BRAINWRITING: Overcomes the inherent shortfalls of brainstorming. With brainwriting the moderator asks each participant to write down 3-5 ideas to solve a problem. This is all done anonymously. Then the moderator collects their answers and passes them out so others can add ideas, thoughts, or question the initial respondent’s list. You do this a few times and then get together as an entire group to go through each thread of ideas.

ASKING WHY: Ask anyone who has little children or has been around them, and they will tell you the most annoying question you can be asked over and over is…”WHY?” However, when you question accepted processes, systems, approaches, or ways of doing things you can force yourself and those around you to consider new perspectives. Along those lines, you can and MUST demand that it is no longer to answer any WHY with…”that’s how we’ve always done things.” That is an unacceptable answer in light of the unique challenges we face.

STARBURSTING: In a team, you start by writing down an idea, problem or challenge in the middle of a six-point star. Then you collectively answer each of the 5 W’s and H (who, what, where, when, why and how.) Come up with as many potential solutions as possible without editing yourself. Then choose amongst the ideas that can be implemented.

PROVOCATION: Make a statement that is provocative and seemingly flawed on its face value, with the intent of sparking debate. For example, if you are leading an architect’s team building a new commercial building, you might consider starting a meeting by saying: “the building we design doesn’t need a roof.”

The goal of provocation is to spark “What if” scenarios to support that (seemingly false) claim. Example, the building we design shouldn’t have a traditional roof, but rather a roof with solar panels or green/eco-friendly feature to capture and re-use the energy from the heat of the sun.

METAPHORICAL THINKING: This creative problem solving exercise features combining two seemingly unrelated ideas, concepts, features, products in order to come up with new solutions. For example, if you were trying to determine the best way to apply the collective time your Team spends working on a task, you would blend the two seemingly unrelated ideas of TIME and MONEY.

REFRAMING MATRIX: The approach with re-framing is to force your team’s participants to consider challenges using a different perspective than they typically use. This FOUR PERSPECTIVE approach forces them to consider the following:

The PRODUCT/SERVICE Perspective: Is something wrong with the product/service we offer?
The PLANNING Perspective: Is our business/sales/marketing plan(s) faulty?
The POTENTIAL Perspective: If we increase our workload, project focus, offerings, how will we achieve this?
The PEOPLE Perspective: Do we have the RIGHT people and are they working at the RIGHT tasks/in the RIGHT roles.

ATTRIBUTE LISTING: This exercise is ideal to help you identify new product and service offerings.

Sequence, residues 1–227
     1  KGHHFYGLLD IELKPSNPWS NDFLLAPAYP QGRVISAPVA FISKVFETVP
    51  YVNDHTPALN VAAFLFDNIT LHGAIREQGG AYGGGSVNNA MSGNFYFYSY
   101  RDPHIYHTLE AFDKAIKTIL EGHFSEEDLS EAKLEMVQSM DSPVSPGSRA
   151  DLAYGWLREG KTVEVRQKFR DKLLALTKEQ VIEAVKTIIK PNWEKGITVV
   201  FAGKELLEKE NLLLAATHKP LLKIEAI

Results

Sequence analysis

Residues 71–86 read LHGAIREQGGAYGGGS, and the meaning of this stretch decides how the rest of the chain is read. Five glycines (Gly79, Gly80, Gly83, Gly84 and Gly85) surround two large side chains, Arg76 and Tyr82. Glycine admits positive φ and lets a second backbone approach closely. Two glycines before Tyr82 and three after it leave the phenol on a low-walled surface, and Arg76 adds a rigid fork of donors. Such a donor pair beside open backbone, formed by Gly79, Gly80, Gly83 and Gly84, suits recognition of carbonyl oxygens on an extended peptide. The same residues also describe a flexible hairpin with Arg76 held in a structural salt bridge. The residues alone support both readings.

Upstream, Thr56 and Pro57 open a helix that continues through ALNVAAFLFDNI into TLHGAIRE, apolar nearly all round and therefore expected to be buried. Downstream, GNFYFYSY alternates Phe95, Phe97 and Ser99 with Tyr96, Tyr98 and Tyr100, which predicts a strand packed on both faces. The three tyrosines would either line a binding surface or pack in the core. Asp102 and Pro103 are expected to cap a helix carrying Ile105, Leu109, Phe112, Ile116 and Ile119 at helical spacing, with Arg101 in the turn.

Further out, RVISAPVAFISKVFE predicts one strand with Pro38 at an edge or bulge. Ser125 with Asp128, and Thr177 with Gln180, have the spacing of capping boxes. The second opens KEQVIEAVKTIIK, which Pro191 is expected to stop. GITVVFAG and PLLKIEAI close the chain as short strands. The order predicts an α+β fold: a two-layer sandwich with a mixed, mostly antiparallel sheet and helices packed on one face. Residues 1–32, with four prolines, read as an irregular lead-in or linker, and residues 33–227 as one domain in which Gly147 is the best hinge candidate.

Start out by listing all the functional groups of offerings your company, department, team offers. For example, a Student Affairs Department in a college delivers services to students around student development, counseling, career services, housing, health & wellness, etc.

Your team will then list all of the different services/products offered in each category/group. For example, career services offered by Student Affairs includes job fairs, resume writing, cover letters, interviewing skills, etc. The goal is to mix & match different services in different categories to formulate new offerings.

The DO IT Approach:

D” Define the problem
O” Open your mind and apply creative solutions
I” Identify the solution(s)
T” Transform…implement the solution(s) using an action plan

WALT DISNEY CREATIVE STRATEGY: Walt Disney was one of the most creative and prolific business people and a true visionary in America’s history. Not only was he a great visionary and creative genius, but he was also exceptional at using a formal process (neurolinguistic language programming) in order to get the most out of the people he worked for. Here’s how he did it:

Have your team meet in a conference room or space. Have 3 separate areas. Start out in the DREAMER area. Every one must visualize a time in their life when they were a dreamer and came up with a tremendously creative idea. What did they feel like? What were they thinking? When everyone is done, move to the REALIST area. Everyone must think about a time in their career when they effectively planned, solved or executed a problem. What were they thinking? How did they feel? When time is up, have everyone move to the CRITIC area. Ask all the participants to think back to a time in their work life when they had to critically assess/determine if an idea or proposed solution would actually work.

Make the team go through this exercise 2 or 3 times, until they are confident that their approaches can stand up to the collective scrutiny of the team when they meet to discuss their findings.

Dare to be GREAT: Just being good enough can no longer be our goal to strive for, when so many of our business/industry, academic, and political systems are failing us. We need entirely NEW approaches. We need to demand greatness. Jim Collins in his book ‘Good to Great’ wrote that “Good is the enemy of great.”

Steve Jobs who ex
perienced the highest of highs and low of lows being fired from his job as CEO and founder of Apple wrote: “Your work is going to fill a large part of your life, and the only way to be truly satisfied is to do what you believe is great work.”

So, why not try to implement some of these approaches to problem solving. You’ll be amazed how many actionable new ideas and solutions you can come up with.